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C.S. Lewis as a Moral Teacher

Byron C. Lambert
Professor of Philosophy, Retired
Fairleigh Dickinson University

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Abstract

C.S. Lewis maintains that a universal moral law exists in which people
everywhere have believed. Using the historic concept of “natural law” to
explain this, Lewis goes on to show that no new moral principles can ever
be invented and that whatever appears to be novel in morality, if genuine,
is only a development from within the natural law itself. The superiority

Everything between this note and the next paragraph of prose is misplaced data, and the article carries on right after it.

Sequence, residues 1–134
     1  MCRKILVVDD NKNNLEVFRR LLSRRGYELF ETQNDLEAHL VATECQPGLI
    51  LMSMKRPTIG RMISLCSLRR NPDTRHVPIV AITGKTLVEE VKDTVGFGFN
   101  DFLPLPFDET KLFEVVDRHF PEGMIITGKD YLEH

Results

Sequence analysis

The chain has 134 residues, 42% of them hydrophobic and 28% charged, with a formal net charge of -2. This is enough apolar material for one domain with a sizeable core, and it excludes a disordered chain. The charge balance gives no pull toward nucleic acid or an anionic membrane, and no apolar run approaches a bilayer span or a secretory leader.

of Christian morality consists in its accent on humility, agape-
love, and the spiritual power which identification with Christ can bring.
While most people behave themselves most of the time, they have
a weak sense of why they do so. This is true of Christians as well as non-
Christians.

 
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